Head | Dermatology | White Flakes of Scalp (Symptom)
White Flakes of Scalp: Description
Dandruff is the scalp scaling when some flakes on the hair, neck and shoulders are observed.
White Flakes of Scalp: Causes
Dandruff is caused by a form of skin condition called eczema, which causes excessive flaking of the scalp of normal cells. Changes in hormonal status and change from one season to another aggravates the pain. Common symptoms are flakes white, oily or dry hair can be observed, shoulders and scalp itching. The head can be either excessively dry or excessively oily.
Dandruff is in the form of film skin, resulting from elimination of superficial skin layers. When the body is losing skin and the scalp is affected by this process than any other body part is an alarming sign. Depending on which part of the body is facing dermatitis, dandruff is in the form of small scales dry (scalp shows no irritation or redness) or heavier and denser scales (scalp is sprinkled with red spots) that stick to the wires accumulating hair oil, cosmetics and hair care products remains.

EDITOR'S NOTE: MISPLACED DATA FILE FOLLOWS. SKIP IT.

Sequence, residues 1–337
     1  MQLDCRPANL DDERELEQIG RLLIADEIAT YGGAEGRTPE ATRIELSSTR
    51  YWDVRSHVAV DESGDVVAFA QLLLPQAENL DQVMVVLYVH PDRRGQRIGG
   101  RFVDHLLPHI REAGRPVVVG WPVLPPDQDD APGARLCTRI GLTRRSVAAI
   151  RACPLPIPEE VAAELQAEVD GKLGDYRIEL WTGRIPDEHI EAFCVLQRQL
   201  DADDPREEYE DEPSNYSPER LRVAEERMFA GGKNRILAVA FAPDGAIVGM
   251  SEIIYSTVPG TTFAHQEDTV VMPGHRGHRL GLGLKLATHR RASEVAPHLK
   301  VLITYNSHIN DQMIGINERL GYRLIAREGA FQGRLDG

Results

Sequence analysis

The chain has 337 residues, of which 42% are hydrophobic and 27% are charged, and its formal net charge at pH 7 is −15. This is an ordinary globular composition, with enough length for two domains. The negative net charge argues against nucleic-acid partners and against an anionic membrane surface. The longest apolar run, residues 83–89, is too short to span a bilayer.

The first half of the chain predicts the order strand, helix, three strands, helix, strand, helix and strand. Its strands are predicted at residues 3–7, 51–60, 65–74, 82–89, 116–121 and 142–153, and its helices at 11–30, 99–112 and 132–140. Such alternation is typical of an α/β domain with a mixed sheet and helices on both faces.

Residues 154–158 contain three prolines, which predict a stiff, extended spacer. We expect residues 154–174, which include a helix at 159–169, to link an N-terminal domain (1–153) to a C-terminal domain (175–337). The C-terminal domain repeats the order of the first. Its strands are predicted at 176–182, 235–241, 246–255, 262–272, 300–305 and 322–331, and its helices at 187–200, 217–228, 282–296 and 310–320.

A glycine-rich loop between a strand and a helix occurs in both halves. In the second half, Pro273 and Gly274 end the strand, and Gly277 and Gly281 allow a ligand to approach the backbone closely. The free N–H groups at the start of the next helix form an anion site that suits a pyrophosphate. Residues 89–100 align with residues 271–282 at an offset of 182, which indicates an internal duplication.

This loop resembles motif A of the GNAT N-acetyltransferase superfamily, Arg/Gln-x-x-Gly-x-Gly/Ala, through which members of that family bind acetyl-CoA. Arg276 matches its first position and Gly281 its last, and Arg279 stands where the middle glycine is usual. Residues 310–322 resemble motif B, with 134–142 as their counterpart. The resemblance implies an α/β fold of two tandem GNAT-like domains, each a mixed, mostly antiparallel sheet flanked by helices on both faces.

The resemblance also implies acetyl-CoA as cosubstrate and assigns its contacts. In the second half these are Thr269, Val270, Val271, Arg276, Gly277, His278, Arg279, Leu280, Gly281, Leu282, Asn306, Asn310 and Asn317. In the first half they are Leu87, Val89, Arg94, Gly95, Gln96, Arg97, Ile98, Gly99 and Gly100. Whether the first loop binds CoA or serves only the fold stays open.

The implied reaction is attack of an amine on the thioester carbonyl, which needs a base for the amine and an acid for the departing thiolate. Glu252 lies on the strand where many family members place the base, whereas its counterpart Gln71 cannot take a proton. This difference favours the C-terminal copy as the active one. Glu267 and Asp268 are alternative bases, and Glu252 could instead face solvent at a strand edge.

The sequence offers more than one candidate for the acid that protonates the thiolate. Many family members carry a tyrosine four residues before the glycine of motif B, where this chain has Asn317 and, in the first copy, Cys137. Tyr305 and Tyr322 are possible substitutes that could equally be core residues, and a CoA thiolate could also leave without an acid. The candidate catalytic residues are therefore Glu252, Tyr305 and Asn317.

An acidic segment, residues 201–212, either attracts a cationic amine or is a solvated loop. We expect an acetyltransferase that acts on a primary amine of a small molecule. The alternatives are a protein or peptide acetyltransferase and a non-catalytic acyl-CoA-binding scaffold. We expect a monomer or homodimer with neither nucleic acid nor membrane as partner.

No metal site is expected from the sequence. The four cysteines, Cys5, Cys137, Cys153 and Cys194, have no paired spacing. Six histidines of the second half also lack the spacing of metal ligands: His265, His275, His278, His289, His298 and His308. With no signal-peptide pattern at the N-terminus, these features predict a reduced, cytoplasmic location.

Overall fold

The most common cause is the flaking scalp; Seborrheic dermatitis is a rash that causes excessive flaking of the scalp. The cause is still unknown; the foliculitis is a microscopic fungus that usually occurs in areas of skin fat. People who deal with dandruff have a problem with this fungus. As the epidermal layer is continuously renewed, cells are pushed outward and the dead flaky. In most people these flakes of skin are too small to be visible. However certain conditions increases cell renewal rate, especially on the scalp. For people with dandruff, skin cells can mature in 2-7 days to eliminate the duration of one month in healthy individuals.
Risk factors for dandruff include: chronic disease, young and middle age, as people grow old shows no dandruff, yet for some people the problem can last a lifetime, men suffer more frequently dandruff because they have glands that produce sebum higher and due to hormonal influence, seborrheic skin, diet low in zinc, vitamin B or some types of fat, a hereditary component.